clock menu more-arrow no yes

Filed under:

Tuesday Bird Droppings: Where the good times came to a screeching halt

New, 495 comments

The undefeated Orioles were flying high heading into New York, but a blowout loss to the Yankees dampened the mood.

Baltimore Orioles v New York Yankees Photo by Sarah Stier/Getty Images

Good morning, Camden Chatters.

I regret to inform you that the Orioles are not, in fact, going to finish 162-0 this season.

As stupendous as the O’s looked in their opening-series sweep in Boston, it took just one night at Yankee Stadium — the Birds’ personal house of horrors — to flatten the club’s early momentum. The Orioles were outplayed in every facet of the game last night, starting with an offense that managed just four singles and no runs. Starter Jorge Lopez held his own for a while before losing his command in the fifth. Veteran relievers Shawn Armstrong and Paul Fry added kerosene to the fire, and the Birds were essentially out of the game long before it was officially over. Alex Church recapped all the gruesome details.

Frankly, it shouldn’t be a surprise. The Orioles have been nearly incapable of beating the Yankees, particularly in the Bronx, for the better part of two years. From 2019-2020, the Orioles lost 19 consecutive games to the Yanks, and while they eventually snapped that ignominious streak in Baltimore last September, they still haven’t figured out Yankee Stadium. Last night’s loss was the Birds’ 11th straight in the Yankees’ home park. The last time the Orioles won a game there was over two years ago, on March 31, 2019, when John Means got his first major league win and Brandon Hyde just his second. That game ended with a strikeout of Troy Tulowitzki, who has been retired from baseball for 19 months.

It never fails. Just when Orioles fans are starting to feel the tiniest bit excited about their team, a matchup with the Yankees always smacks them with a cold dose of reality. The talent disparity between the AL East behemoths and the rebuilding Birds is too stark to ignore, and the games play out on the field just as you’d expect they would on paper.

The Orioles probably won’t lose 19 in a row to the Yankees again. Probably. And maybe someday they’ll consistently be able to go toe-to-toe, and even gain the upper hand, over their pinstriped rivals. But that day, it appears, has not yet arrived.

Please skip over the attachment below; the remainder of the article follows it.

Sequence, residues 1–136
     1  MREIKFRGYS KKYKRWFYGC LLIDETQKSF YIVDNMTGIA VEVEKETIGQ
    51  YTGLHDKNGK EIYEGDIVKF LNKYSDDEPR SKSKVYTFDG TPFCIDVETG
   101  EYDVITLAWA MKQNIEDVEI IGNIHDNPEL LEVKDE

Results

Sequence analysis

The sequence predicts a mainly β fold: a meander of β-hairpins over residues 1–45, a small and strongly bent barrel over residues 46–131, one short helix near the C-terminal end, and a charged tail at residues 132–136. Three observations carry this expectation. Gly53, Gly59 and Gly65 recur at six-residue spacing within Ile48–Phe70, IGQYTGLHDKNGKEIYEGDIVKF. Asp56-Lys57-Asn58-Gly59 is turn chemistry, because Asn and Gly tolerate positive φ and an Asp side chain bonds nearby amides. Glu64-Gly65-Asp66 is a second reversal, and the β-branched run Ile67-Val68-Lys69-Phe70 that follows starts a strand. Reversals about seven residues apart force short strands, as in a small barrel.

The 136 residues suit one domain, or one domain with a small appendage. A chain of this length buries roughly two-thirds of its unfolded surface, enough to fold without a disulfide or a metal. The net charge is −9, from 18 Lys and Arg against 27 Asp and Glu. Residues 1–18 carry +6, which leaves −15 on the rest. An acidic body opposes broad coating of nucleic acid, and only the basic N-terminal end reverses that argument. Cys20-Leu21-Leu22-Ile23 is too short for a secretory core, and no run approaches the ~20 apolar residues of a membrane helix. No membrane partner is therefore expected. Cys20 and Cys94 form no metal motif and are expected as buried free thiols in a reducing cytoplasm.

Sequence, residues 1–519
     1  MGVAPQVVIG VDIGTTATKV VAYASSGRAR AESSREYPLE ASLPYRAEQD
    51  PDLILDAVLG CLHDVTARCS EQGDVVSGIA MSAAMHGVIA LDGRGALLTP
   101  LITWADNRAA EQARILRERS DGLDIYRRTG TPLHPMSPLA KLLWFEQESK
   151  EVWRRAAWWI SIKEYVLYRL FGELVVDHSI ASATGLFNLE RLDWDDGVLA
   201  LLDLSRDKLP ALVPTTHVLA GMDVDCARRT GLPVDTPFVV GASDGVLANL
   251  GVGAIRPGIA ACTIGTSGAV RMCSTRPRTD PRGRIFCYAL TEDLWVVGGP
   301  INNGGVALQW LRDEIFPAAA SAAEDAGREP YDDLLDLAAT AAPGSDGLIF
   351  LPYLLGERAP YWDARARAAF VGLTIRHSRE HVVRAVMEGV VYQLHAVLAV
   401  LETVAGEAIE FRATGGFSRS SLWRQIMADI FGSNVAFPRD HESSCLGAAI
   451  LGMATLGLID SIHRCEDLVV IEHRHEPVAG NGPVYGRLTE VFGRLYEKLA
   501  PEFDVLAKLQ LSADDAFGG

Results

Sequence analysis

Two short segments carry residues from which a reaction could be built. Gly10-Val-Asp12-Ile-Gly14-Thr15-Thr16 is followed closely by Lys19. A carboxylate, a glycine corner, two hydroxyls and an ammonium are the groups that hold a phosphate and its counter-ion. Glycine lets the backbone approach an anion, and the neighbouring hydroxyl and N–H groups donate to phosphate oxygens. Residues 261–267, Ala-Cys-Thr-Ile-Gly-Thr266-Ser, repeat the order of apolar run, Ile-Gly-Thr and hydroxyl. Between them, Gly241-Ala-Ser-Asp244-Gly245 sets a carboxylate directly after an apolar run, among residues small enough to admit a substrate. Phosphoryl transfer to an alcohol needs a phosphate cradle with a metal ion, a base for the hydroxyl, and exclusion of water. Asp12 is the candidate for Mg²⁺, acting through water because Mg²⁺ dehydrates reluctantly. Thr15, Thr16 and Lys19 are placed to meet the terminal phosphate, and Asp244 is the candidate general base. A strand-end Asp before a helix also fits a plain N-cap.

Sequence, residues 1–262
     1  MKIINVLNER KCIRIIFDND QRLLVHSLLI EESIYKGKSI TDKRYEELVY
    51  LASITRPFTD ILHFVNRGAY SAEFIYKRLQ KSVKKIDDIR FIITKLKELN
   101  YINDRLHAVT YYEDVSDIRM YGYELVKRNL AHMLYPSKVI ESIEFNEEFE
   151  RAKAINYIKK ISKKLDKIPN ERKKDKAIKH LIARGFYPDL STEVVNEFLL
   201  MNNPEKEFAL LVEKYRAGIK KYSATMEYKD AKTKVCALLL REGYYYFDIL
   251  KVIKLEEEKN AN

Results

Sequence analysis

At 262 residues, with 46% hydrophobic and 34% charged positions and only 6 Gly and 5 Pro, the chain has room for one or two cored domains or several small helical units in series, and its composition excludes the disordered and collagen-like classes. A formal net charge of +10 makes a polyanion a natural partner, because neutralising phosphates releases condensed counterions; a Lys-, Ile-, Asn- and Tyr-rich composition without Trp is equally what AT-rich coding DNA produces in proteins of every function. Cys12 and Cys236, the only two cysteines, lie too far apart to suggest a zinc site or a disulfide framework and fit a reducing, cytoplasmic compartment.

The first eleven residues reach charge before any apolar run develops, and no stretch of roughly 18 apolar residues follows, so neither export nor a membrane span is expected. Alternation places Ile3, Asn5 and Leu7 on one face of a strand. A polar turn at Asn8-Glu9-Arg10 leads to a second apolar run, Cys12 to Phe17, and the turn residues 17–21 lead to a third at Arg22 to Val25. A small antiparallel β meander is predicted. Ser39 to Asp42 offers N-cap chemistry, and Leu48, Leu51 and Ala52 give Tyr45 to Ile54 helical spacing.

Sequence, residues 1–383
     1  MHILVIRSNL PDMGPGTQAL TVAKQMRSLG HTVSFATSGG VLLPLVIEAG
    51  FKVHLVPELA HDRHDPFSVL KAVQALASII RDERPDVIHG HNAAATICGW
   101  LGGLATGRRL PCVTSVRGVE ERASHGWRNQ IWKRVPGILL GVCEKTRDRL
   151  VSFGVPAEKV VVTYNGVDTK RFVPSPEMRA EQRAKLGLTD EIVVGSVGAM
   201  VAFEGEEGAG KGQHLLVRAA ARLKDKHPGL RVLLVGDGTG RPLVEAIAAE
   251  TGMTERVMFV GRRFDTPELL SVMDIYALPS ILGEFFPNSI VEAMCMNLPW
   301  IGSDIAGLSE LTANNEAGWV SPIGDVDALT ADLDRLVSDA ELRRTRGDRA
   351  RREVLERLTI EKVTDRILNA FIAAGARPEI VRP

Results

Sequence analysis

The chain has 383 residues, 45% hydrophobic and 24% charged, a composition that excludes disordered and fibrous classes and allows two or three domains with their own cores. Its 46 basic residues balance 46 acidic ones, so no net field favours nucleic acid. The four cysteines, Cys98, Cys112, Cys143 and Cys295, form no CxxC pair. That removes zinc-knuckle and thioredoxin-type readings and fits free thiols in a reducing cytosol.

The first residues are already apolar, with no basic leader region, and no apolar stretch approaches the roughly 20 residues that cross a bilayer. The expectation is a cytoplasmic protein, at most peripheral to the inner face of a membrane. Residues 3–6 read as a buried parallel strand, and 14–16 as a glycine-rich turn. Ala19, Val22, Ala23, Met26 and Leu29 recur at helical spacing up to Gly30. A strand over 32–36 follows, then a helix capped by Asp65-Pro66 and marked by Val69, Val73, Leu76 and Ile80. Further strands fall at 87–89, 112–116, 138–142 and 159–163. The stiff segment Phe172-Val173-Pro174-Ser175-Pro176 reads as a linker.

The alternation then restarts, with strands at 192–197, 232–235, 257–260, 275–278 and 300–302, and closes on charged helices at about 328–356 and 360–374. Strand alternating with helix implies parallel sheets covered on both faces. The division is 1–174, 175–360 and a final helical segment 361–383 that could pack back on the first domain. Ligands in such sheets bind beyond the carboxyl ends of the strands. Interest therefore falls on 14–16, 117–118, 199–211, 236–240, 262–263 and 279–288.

Links

Mac Sceroler impresses in MLB debut - Orioles.com
The news wasn’t all bad for the Orioles last night; Rule 5 pick Mac Sceroler enjoyed a brilliant MLB debut, which included a strikeout of Aaron Judge in a bases-loaded jam en route to 2.2 hitless innings. Not bad for a guy who’s never pitched above Single-A.

McKenna and Sceroler debut in Orioles' 7-0 loss in Bronx - School of Roch
It’s a bummer to see the oft-injured Austin Hays land on the injured list again, but in his absence it’ll be intriguing to see what Ryan McKenna can do. His debut last night wasn’t quite as memorable as Sceroler’s, unless of course you’re Ryan McKenna or his family.

Orioles made pitch to host this season’s All-Star Game after MLB moved it out of Atlanta - Baltimore Sun
I guess this is moot now, with reports coming out last night that the All-Star Game will be played at Coors Field in Denver. Maybe one day Baltimore will finally get to host again.

Orioles birthdays and history

Is today your birthday? Happy birthday! The only Oriole born on this day was the late Danny Clyburn, who played 13 games for the 1997-98 Orioles. He hit his first major league homer as an Oriole before being traded for Jason Johnson in 1999. Tragically, Clyburn was fatally shot by his neighbor in 2012 at age 37. He would have been 47 today.

On this day in 1992, Oriole Park at Camden Yards hosted its first regular season game, revolutionizing baseball ballparks as we know them. With a sellout crowd of 44,568 on hand for the grand-opening festivities, O’s starter Rick Sutcliffe inaugurated the park with a complete game shutout against Cleveland, a game that took just two hours and two minutes. Even nearly three decades later, Camden Yards remains, for my money, the most beautiful ballpark in the game.

The Orioles have played a few other memorable games on this date, too. In 2008, after getting shut out for eight innings by Mariners ace (and now recent ex-Oriole) Felix Hernandez, the Birds rallied for three runs against the bullpen in the bottom of the ninth, capped by a walkoff single by light-hitting shortstop Luis Hernandez.

In 2009, the Birds walloped the Yankees on Opening Day at Camden Yards, crushing new Yankees ace CC Sabathia for six runs in his team debut. Brian Roberts and Adam Jones each had three hits and Cesar Izturis smacked an unlikely home run. The crowd of 48,607 mercilessly booed Maryland native Mark Teixeira, who had spurned his hometown team to sign with the Yanks as a free agent, and he went 0-for-4 in his debut.

And on this date three years ago, the O’s outlasted the Yankees in a 14-inning marathon in New York, with Pedro Alvarez crushing a go-ahead grand slam in extras, not long after the O’s had denied the Yankees the winning run on Mychal Givens’ skillful block of home plate on a wild pitch. It was one of the few memorable wins of that godforsaken season.